The Cycle of Life

Michael during one of his lectures.

Spring is such a beautiful time. Everywhere you look, there is a sprouting of fresh green. The days have become longer. The sun feels brighter. The temperature is rising, and the tulips in my neighbour’s garden have begun to show their beautiful colours.

And yet, this time of year also marks many endings. It is the end of winter, for one. For university students, another term is now complete, while public school students are looking forward to summer vacation. It is the time of graduations, a time when the end of one block of life is formally marked, even as we anticipate the beginning of another.

I suppose it’s because I am now firmly in mid-life that I keenly feel both the beginnings and the endings of this time of year. When I was younger, I was always caught up in the beginnings, in the excitement of what would be coming next. I don’t think I ever gave much thought over what was being left behind. But now, after a year where I lost both my mother and my mother-in-law, I have to say that I can really feel the endings.

And so, I am feeling sad to report another loss, for me. A mentor of mine is hanging up his spurs and retiring. Michael Tierra, widely considered the father of North American herbalism, has sold the East West School of Planetary Herbology, and is moving on. He is 84 years old this year, so I don’t begrudge him this move. It is just sad to see him go.

Chances are, if you have read any book on herbalism over the last few decades, it was written by him. Author of The Way of Herbs, The Way of Chinese Herbs, The Way of Ayurvedic Herbs, Treating Cancer with Herbs, The Natural Remedy Bible, and the best-selling Planetary Herbology among many others, Michael resurrected herbalism from its doldrums in the 1950’s and 1960’s. He studied with Native American herbalists, and Chinese herbalists, and even started his own line of herbal products. He is the founder of the American Herbalist Guild. Through his school, he taught and inspired scores of new herbalists, including me.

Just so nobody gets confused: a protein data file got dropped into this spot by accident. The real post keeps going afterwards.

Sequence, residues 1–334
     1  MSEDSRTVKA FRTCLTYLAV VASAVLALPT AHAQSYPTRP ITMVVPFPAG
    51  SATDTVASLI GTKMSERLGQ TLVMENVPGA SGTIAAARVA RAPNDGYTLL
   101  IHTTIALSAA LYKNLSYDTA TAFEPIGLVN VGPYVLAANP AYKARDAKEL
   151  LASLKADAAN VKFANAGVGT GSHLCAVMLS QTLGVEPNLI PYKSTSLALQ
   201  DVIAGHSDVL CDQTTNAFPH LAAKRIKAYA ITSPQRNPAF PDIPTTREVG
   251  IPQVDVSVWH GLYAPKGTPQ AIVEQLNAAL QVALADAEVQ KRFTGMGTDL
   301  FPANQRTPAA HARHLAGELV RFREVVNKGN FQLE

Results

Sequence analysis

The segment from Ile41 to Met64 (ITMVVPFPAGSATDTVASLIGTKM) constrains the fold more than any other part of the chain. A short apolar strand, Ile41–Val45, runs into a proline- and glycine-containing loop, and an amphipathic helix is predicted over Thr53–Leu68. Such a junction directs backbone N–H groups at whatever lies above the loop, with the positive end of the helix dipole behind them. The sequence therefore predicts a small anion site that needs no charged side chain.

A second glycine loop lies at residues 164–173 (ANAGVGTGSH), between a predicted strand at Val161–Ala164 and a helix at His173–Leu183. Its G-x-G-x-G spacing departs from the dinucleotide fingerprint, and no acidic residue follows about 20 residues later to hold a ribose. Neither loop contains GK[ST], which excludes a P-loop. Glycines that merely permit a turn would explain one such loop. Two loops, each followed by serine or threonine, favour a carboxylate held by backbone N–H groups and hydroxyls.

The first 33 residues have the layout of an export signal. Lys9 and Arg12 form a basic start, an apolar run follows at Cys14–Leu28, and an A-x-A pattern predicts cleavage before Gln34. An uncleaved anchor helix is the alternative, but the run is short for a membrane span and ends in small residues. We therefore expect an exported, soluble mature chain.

He is also one of the kindest men I have ever known. Over the years, I have attended hours and hours of his lectures and classes. He has overseen many of my cases, and even personally called me to encourage me to join his Free Clinic this past fall. I will miss his encyclopedic volume of knowledge, and also his warmth, his sense of humour and his inclusiveness. He always made everyone feel welcome, and has been resolute in his mission to restore herbalism to its proper place beside conventional medicine. I think it’s safe to say that he changed the world.

This spring may mark the end of Michael’s tenure, but it is also the beginning for those who will carry on with his work. Right now, I am reminding myself that it’s all part of the cycle of life. But I will still miss him.

Chinese Scutellaria Root

Ah, scutellaria root! I have a certain fondness for this plant since we have spent so many hours together over the years. During the making of our tinctures, I have spent countless hours sifting through pound after pound of scutellaria root, selecting the healthiest, most yellow roots possible. I know its colour and texture well, and wouldn’t be surprised if I could recognize its distinctive, pungent odour in my sleep!